For many Americans, adjusting the clocks to "spring forward" an hour and gain a little extra sunlight is a welcome change after the long, dark winter. It's coming up soon: this year, daylight saving time begins at 2 a.m. on Sunday, March 8.
But losing that hour of sleep can have surprisingly serious health consequences.
Some experts raise concerns that changing the clocks can disrupt sleep patterns, and it's even been shown to put people at an increased short-term risk for heart attacks. A study released last year found that the number of heart attacks jumped 25 percent the day after the spring time change, perhaps because sleep loss puts increased strain on people already at risk. The number of cases returned to average later in the week.
"This comes down to two things: number one, stress, and number two, sleep deprivation," said CBS News medical contributor Dr. Holly Phillips. "When we are sleep deprived or stressed, there are more inflammatory markers in our bloodstream, and that inflammation raises our risk of heart attacks."
Even though a one-hour time change doesn't sound like much, she says it can be a big adjustment for the body's circadian rhythm.
Daylight saving time has become a controversial enough that one lawmaker in Washington state has proposed a bill to join Arizona and Hawaii in sticking to one standard time year round.
"People think that moving the clock forward and backward is not a big deal, but in reality it is. It can change the sleep cycle and the disrupt the opportunity to get a restful sleep," Dr. Yoseph Krespi, Director of the Center for Sleep Disorders at Lenox Hill Hospital in New York, told CBS News.
The practice of advancing the clock by one hour during summer months so that light extends later into the evening, and then turning it back for winter, was widely introduced in the U.S. during World War I and World War II, and then standardized by Congress in the 1960s. The time changes are scheduled at 2 a.m. on Sundays to minimize disruption to sleep patterns and daily life.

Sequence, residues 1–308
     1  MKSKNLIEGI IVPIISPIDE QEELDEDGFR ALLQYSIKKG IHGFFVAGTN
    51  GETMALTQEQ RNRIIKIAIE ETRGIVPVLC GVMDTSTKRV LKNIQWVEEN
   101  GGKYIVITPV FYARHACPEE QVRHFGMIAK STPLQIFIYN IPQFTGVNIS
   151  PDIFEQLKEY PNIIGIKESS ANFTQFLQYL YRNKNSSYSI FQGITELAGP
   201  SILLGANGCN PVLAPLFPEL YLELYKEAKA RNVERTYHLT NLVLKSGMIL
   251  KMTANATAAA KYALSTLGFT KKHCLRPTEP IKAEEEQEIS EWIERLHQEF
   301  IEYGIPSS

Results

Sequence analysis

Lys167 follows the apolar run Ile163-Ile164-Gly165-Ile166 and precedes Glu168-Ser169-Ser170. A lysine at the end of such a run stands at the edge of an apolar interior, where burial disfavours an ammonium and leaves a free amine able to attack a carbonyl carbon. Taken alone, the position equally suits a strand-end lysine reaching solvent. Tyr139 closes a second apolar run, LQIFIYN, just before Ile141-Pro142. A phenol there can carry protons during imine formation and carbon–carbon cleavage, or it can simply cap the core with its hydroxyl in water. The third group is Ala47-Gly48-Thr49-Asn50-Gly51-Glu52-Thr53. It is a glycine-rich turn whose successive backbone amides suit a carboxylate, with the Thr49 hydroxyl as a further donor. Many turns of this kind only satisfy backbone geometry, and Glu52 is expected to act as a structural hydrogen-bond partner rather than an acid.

Despite the possible link to heart attacks, Dr. Evalina Grayver, Director of the Coronary Care Unit at North Shore University Hospital on Long Island, New York, continues to see an overall benefit to adding another hour of sunlight to our evenings.
"I think it's a good thing when we have daylight savings because it will encourage people who have been more sedentary during winter months to get out and be more physically fit," she says.
Health experts agree there are some simple tips that can help you adjust to the time change and minimize health risks and disruption.
Here are some of Krespi and Grayver's do's and don'ts:
Do exercise caution on the roads. Sleep deprivation due to the time change has also led to an increase in road accidents. The National Highway Traffic Safety Administration estimates that 100,000 police-reported crashes are the direct result of driver fatigue each year.
Do take it easy over the weekend. "Try to go to bed a little early so that you can get extra sleep on Friday and Saturday. Limit naps to 30 or 40 minutes," says Krespi.
Do make your bedroom environment a sleep sanctuary. Krespi suggests making your sleeping quarters dark, quiet and cool. Lower the room temperature to somewhere around the high 60's.
Do drink plenty of liquids, making sure to avoid alcohol and caffeinated beverages in the late afternoon and evening.
Don't have a huge meal late at night and go to bed. Krespi says that's a recipe for disrupting sleep.
Don't tackle any complicated tasks an hour before bed, and keep your bedroom a refuge. "A bedroom is for sleeping, not watching TV or doing challenging crossword puzzles," says Krespi.
Do have a bedtime ritual. Krespi recommends beginning to unwind an hour before bed with a warm shower or bath, chamomile tea or a glass of warm milk.
Do get up at the same time on your regular schedule, regardless of the sunrise.
Do get physical. "Exercise is a good thing. Morning exercise is best, and if you can get outside and get some sun exposure, do that," says Krespi.
Don't overdo the exercise. Pushing too hard if you haven't been physically active can exacerbate underlying heart disease, says Grayver. If you've been mostly sedentary over the winter months, she recommends starting with slow walk for about 30 minutes daily and incrementally increasing the intensity.
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